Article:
The Bigger Picture - The Facebook-Whatsapp plan
The more I think about this $19B deal, the more sense it makes; not financially, in the short-term, but in the larger scheme of global domination of the communication scene.
WhatsApp is growing rapidly; at a more rapid pace than Facebook. 1 million users per day is what some report.
Now, if this pattern of growth continues and actually fuels behaviour over the next few years where WhatsApp becomes the default messaging communication tool on your phone (preferred) over the mobile-operator run SMS system - there will be world domination.
The basics of logic coupled with the theory of evolution will ensure a world where almost everyone eventually will have data enabled on their phones. WhatsApp is an app which works really well across 2G networks too; additionally, free WiFi across the board is also something which is bound to happen latest by 2020.
Who are the ones who should be most scared?
Mobile operators - all over the world.
The current voice chat feature actually ensures that you can have a decent over-and-out chat with anyone in the world. With a rumored calling facility (like Viber) set to come in soon and with a natural progression of video chat coming in later, why would one need the services of AT&T/Vodafone/T-Mobile etc.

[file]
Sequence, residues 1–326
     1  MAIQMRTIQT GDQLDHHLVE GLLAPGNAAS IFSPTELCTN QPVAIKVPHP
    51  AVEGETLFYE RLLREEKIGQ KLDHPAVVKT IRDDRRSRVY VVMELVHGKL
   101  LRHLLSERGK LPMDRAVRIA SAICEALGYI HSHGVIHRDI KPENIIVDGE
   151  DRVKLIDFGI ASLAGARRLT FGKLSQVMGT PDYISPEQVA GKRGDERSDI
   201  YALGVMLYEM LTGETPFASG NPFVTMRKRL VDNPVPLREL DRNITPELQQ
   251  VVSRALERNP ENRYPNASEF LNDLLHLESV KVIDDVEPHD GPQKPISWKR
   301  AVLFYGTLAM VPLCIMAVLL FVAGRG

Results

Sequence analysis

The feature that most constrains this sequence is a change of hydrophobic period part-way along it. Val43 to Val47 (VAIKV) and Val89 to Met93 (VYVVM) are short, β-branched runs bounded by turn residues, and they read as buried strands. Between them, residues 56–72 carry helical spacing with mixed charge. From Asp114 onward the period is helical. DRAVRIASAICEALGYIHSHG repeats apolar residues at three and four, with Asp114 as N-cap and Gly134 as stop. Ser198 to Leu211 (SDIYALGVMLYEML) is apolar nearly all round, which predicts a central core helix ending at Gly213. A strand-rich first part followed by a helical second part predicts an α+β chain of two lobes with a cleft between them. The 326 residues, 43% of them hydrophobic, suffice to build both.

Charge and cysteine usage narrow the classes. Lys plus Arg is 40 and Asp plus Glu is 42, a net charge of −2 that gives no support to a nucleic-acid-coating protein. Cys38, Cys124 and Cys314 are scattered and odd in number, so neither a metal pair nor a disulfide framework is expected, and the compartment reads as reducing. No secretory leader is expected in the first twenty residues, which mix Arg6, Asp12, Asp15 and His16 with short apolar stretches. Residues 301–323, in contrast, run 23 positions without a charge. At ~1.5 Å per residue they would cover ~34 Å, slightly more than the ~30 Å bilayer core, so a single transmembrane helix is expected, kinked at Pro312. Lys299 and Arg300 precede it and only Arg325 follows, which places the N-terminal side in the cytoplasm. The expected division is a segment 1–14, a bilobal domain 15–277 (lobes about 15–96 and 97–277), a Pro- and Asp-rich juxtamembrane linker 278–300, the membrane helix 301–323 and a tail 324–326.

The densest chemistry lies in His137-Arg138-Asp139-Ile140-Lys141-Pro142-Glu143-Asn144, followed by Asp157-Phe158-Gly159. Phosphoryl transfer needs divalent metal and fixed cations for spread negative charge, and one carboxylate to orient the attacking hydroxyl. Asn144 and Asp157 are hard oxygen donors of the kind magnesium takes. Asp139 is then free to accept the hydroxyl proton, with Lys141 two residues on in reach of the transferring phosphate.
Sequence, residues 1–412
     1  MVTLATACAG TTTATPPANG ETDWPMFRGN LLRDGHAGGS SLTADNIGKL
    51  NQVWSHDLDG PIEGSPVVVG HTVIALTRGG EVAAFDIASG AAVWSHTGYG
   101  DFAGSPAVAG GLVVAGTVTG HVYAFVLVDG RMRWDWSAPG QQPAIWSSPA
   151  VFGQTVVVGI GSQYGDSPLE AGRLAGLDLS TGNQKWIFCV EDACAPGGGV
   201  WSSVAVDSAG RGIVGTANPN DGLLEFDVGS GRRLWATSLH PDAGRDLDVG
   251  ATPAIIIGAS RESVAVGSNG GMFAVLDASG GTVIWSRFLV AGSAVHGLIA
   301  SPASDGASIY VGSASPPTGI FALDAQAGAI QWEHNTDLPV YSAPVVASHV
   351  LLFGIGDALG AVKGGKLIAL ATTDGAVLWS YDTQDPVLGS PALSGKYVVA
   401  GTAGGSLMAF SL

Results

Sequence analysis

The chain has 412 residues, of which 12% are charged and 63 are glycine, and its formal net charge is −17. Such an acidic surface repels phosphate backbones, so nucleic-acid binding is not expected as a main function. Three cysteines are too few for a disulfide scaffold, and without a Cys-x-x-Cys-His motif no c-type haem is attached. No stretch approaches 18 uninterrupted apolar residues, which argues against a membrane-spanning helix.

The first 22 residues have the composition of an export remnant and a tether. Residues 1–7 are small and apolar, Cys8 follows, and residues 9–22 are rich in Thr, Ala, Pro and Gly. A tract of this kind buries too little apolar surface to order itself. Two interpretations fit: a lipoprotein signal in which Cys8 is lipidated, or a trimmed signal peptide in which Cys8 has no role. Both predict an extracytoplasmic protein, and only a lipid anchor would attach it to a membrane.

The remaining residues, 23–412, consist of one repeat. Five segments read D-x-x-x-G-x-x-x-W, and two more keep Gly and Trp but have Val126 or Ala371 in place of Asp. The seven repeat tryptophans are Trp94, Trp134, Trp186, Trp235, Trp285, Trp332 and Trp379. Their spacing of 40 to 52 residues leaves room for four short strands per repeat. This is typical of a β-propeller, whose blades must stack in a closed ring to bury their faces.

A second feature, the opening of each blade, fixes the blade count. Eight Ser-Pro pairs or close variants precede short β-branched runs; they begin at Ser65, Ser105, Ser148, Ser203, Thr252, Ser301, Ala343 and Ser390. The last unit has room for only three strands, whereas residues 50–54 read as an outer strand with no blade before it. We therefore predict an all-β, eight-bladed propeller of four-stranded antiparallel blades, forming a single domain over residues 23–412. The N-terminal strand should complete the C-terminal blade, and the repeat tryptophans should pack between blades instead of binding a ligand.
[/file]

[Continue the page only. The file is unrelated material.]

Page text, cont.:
Think about the potential revenue loss possible because of this. Firstly, Facebook pays mobile operators, in a lot of countries, to send their users SMS notifications. This, of course, will be the first cost one will save on when WhatsApp takes over SMSing. With WhatsApp actually driving people to data-enable their phones, everyone being connected should ensure FB app notifications suffice.
Updating your facebook status or commenting on threads via WhatsApp is a possibility too.
Now sample this - WhatsApp API’s being integrated to banking systems, every time you use your credit card - you will now get a WhatsApp message rather than an SMS. This will extend to everything: Billing notifications on WhatsApp, service confirmation and transaction messages on WhatsApp etc.
This is the revenue line.
Companies currently pay mobile companies (who in turn have deals with mobile operators) for managing automated and bulk SMS solutions. These companies will now switch to integrating WhatsApp API’s. These API’s and messaging services clearly won’t be free for companies to use.
Now think about controlling all this on a global level - It’s going to be crazy!